About me

I teach in the Department of English at Loyola University Chicago, where my work centers on poetics, literary language, and textual tradition. I am also interested in the long histories of thinking about these topics.

At Loyola I regularly teach an introduction to literary reading, an introduction to poetry, a first-year interdisciplinary humanities survey (antiquity and Middle Ages), and upper-division courses in medieval English and European literature. My graduate teaching has included seminars on Piers Plowman, the works of Geoffrey Chaucer, Old English language and literature, and the medieval and early modern reception of Boethius’s Consolation of Philosophy. I also convene an informal weekly reading group in medieval philology. In summer 2021 we are reading Beowulf.

I am currently engaged in two multiyear projects:

  1. a digital documentary edition of the text of Piers Plowman in New Haven, Beinecke Library, Takamiya MS 23. This is a collaboration with James Eric Ensley and Paul A. Broyles and intended for the Piers Plowman Electronic Archive.
  2. an on-line repository of medieval manuscript materials held in smaller institutional collections in the American Midwest. This is a collaboration with Sarah Noonan, Elizabeth Hebbard, and Michelle Dalmau and funded by a grant from the Council on Library and Information Resources (CLIR).

Other current work falls into three areas:

  1. the language, form, and textual transmission of English alliterative verse, especially Piers Plowman and affiliated works. My first book, Reconstructing Alliterative Verse: The Pursuit of a Medieval Meter (Cambridge, 2017), sought to describe stages of the historical development of this verse form, recognize the directions in which it was developing at the moment it died out, and identify the historical sources of modern understandings of it. The book asks what this verse is and how it came to be called “alliterative”. Subsequent publications in this area include articles on The Lay Folks’ Catechism, The ABC of Aristotle, and “The intricacies of counting to four in Old English verse”.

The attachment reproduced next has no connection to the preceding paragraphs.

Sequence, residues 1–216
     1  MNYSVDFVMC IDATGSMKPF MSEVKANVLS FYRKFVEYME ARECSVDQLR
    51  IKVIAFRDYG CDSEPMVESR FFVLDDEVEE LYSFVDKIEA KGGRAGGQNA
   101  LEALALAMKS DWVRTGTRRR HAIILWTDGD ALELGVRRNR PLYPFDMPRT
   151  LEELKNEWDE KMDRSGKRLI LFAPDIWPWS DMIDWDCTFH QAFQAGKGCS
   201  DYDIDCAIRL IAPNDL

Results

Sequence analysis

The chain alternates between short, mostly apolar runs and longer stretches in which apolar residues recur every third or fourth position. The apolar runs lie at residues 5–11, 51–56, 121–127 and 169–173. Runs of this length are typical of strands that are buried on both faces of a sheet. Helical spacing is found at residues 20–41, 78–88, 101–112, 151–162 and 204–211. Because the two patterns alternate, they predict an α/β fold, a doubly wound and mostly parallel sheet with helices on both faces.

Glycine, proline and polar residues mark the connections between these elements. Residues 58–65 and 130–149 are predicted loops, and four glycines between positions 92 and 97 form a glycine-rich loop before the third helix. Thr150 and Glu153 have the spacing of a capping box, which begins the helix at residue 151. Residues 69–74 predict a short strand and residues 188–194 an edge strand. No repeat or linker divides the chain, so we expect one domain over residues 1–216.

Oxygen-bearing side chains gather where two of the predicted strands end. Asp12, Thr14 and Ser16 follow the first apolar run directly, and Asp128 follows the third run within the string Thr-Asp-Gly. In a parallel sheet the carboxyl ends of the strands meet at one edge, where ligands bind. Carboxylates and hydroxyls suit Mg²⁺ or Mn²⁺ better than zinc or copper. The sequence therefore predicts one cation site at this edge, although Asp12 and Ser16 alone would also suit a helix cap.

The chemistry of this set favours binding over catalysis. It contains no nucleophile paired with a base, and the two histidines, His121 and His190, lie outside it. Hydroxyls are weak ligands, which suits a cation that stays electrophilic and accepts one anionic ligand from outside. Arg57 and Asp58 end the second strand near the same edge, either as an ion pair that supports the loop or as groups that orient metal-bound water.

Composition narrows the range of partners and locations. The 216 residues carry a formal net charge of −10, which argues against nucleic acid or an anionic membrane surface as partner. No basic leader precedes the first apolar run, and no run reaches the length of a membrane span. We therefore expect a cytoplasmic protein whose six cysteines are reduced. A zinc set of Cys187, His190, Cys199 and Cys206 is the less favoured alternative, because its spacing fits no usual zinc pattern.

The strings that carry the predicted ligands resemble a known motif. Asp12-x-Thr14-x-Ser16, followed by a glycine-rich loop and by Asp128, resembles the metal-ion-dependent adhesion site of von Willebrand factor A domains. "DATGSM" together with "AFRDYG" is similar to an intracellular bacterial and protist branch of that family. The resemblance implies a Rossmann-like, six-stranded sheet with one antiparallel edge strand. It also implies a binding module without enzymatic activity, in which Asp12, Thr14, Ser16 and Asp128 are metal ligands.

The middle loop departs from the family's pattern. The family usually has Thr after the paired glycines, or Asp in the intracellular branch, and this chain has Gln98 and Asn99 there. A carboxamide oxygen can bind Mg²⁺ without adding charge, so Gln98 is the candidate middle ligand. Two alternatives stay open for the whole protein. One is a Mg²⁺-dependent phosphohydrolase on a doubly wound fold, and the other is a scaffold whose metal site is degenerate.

2. the medieval English translations of Boethius’s Consolatio philosophiae. I have written on this topic for the medieval volume of the Oxford History of Classical Reception in English Literature (2016), and completed a study of the sources of George Colvile’s 1556 translation of Boethius’s text. Studies of the text and sources of John Walton’s 1410 verse translation of the Consolatio will follow, but not soon.

  3. medieval literary education, or the disciplines of grammar and rhetoric. I surveyed the history of these disciplines for Wiley-Blackwell’s Encyclopedia of Medieval Literature in Britain (2017). My research in this area began with a study of medieval English treatises on letter-writing and the meanings they assign to Latin prose rhythm. An essay on “ecologies of Latin poetics” is in preparation for a global history of post-classical Latin literature.

I regularly review new books in these areas; my reviews and review essays have appeared in the journals Anglia, Arthuriana, The Journal of English and Germanic Philology, The Medieval Review, Medium Ævum, Speculum, and The Yearbook of Langland Studies.

Details on published works are in my current cv. This also supplies links where available.

An older webpage remains over at iancornelius.com. This site is a sandbox in which I teach myself web development in GitHub Pages, building from templates by Michael Rose and Stuart Geiger.